I couldn’t possibly leave Rome without visiting Vatican City, a country that’s only 110 acres with just under 1,000 inhabitants. Despite the hoards of tourists that visit each year, this was something I refused to pass up. It would be like going to Paris and not seeing the Eiffel Tower. Touristy sights are popular for a reason, right? I always try to find a balance between visiting the top attractions while still traveling off the beaten path. But that’s a post for another time!
I’m always so overwhelmed in giant museums, like the Louvre, and I knew the Vatican Museums would be no different, especially since the Sistine Chapel and St. Peter’s Basilica were on my list as well. Having a guide show me the best of the best was important to me so I chose the City Wonders No Wait Access: Vatican Group Tour. I had heard great things about their tour guides and they also promised small group sizes and audio headsets so you can hear your guide at all times. For someone like me who is always taking photographs and lagging behind, I liked the idea of being able to still hear my guide while I’m further behind in the group.
We were beyond lucky to have Tiffany McIver as our tour guide for the afternoon who had received the honor of being crowned Best Vatican City Tour Guide a couple years ago. She had a more official title than that, I promise, but it’s escaping me at the moment. In other words… we were in good hands! She started off explaining that the Vatican Museums we see today used to be a 15th century palace, with over 2,000 rooms, that each pope would reside in. However, the current pope does not live in the palace today.
Remember when I mentioned how overwhelming museums can be? Fun fact: If you were to spend 60 seconds looking at each work of art in the Vatican Museums, it would take you 12 years. That’s right, TWELVE. If that’s not reason enough to visit with a guide (at least for your first time), I don’t know what is! A favorite room of mine was the Gallery of Maps filled with, you guessed it, maps. In 1580, Pope Gregory XIII commissioned geographer Ignazio Danti to decorate this room of the Vatican that is 120 meters long! It took him three years to finish 40 panels that are large scale frescoes depicting the entire Italian peninsula. The results are absolutely stunning.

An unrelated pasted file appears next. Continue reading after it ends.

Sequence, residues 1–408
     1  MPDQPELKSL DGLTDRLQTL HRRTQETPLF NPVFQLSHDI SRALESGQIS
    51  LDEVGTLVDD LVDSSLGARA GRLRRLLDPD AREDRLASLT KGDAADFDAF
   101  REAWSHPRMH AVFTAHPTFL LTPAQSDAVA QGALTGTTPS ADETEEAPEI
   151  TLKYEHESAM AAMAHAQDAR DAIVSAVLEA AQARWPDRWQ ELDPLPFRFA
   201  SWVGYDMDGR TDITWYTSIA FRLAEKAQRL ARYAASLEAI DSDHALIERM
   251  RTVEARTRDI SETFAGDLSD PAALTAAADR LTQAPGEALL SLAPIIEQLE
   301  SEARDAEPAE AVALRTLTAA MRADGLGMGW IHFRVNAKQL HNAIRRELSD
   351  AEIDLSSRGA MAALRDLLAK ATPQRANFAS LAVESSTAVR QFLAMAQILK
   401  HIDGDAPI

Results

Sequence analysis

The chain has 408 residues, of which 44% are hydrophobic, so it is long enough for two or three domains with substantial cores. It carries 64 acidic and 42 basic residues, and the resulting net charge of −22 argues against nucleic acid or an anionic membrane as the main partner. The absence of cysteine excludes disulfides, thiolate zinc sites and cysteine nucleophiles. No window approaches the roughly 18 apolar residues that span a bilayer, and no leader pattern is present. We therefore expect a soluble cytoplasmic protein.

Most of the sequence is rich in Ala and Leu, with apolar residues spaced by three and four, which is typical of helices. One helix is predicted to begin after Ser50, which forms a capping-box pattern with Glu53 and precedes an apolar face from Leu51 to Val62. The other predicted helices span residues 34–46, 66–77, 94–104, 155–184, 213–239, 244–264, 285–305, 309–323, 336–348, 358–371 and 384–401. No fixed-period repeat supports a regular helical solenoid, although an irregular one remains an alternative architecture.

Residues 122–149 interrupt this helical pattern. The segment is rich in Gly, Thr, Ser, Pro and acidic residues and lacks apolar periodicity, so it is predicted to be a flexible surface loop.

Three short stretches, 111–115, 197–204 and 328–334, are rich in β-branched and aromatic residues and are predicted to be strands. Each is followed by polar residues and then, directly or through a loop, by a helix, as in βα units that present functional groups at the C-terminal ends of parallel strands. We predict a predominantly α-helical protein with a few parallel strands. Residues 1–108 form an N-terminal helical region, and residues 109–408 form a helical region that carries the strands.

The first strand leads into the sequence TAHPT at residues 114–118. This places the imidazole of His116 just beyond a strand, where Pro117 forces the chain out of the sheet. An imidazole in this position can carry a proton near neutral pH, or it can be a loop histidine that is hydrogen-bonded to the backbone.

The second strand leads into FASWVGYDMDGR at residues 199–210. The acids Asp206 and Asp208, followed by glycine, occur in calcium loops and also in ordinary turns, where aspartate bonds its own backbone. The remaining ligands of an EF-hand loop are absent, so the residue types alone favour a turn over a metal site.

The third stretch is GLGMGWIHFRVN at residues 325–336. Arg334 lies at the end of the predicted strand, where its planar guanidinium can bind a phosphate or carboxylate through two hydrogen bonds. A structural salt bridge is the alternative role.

We ventured into the Raphael Rooms next which were commissioned by Pope Julius II who wanted to redecorate his apartments. These rooms were already covered in frescoes which Raphael and his team painted over and didn’t finish for 10 years. After seeing the incredible detail and artistry in each fresco, 10 years sounds incredibly short! Thanks to Tiffany’s incredible knowledge and obvious passion, I really enjoyed listening to her describe the frescoes to us. Not only did we learn a lot about Raphael’s style and background, but also about his colleague (or rival…!) Michelangelo, who was commissioned that same year to paint the ceiling of the Sistine Chapel.
Unlike Raphael, Michelangelo absolutely hated painting, calling it woman’s work and initially refused to paint the Sistine Chapel. Even after he agreed, he fought with the church over the subject matter but eventually won. Despite his hatred for painting, he clearly had a gift which he claimed was divine inspiration. His style was very different from other painters of the time, as he painted free hand, with no drafts to help guide him. He would also paint for up to 18 hours a day which led him to finish the ceiling in only four and a half years whereas people expected it to take him 10 years! Unbelievable.
Tiffany shared all of this with us (and more!) before we actually entered the chapel since you are not allowed to speak once you’re inside…or take photographs! Also, most tour groups only let you stay in the chapel for about 10 minutes but we were allowed 20 which I was grateful for as there was just so much to take in. For once, I enjoyed not being able to take pictures, that way I could simply sit and enjoy my surroundings. If you can only see one thing while visiting Vatican City, let it be the Sistine Chapel. I almost cried. If it weren’t for the guards yelling at chatty school groups to keep quiet, I probably would’ve had a good cry. It was that breathtaking.
Last but certainly not least, we made our way over to St. Peter’s Basilica. With over 40 altars and 11 domes (!!!), there’s really no surprise that it’s the largest church in the world…located in the world’s smallest country. Go figure. I knew this before stepping inside but that still didn’t prepare me. The scale of it is just so large and SO incredibly grand I literally stopped in my tracks.
Tiffany took about 20 minutes to explain everything we needed to know about the church but then left us to explore on our own for as long as we wished. Honestly, I can’t even imagine visiting Vatican City without Tiffany. My one regret is not hiring her to take us all around Rome. She is that good. I’m looking forward to trying more tours with City Wonders in the future as she set the bar pretty high!
Our tour lasted three hours which is the perfect amount of time, in my opinion. We spent the rest of our afternoon thoroughly exploring the Basilica and St. Peter’s Square which was being set up for the Papal Audience the next day. Before tearfully saying goodbye to Tiffany, we asked her if there were any good pizza places to eat nearby and she recommended Alice’s! It was delicious, cheap, and only about a 5 minute walk from the main square so I’d highly recommend it to you guys as well! Thanks, Tiffany!
Have you been to Vatican City before? Do you prefer taking tours or exploring on your own? I’d love to know in the comments below.
*Note: I did receive a complimentary Vatican City Tour with City Wonders. However, opinions are entirely my own. I would only ever recommend something that I enjoyed and support!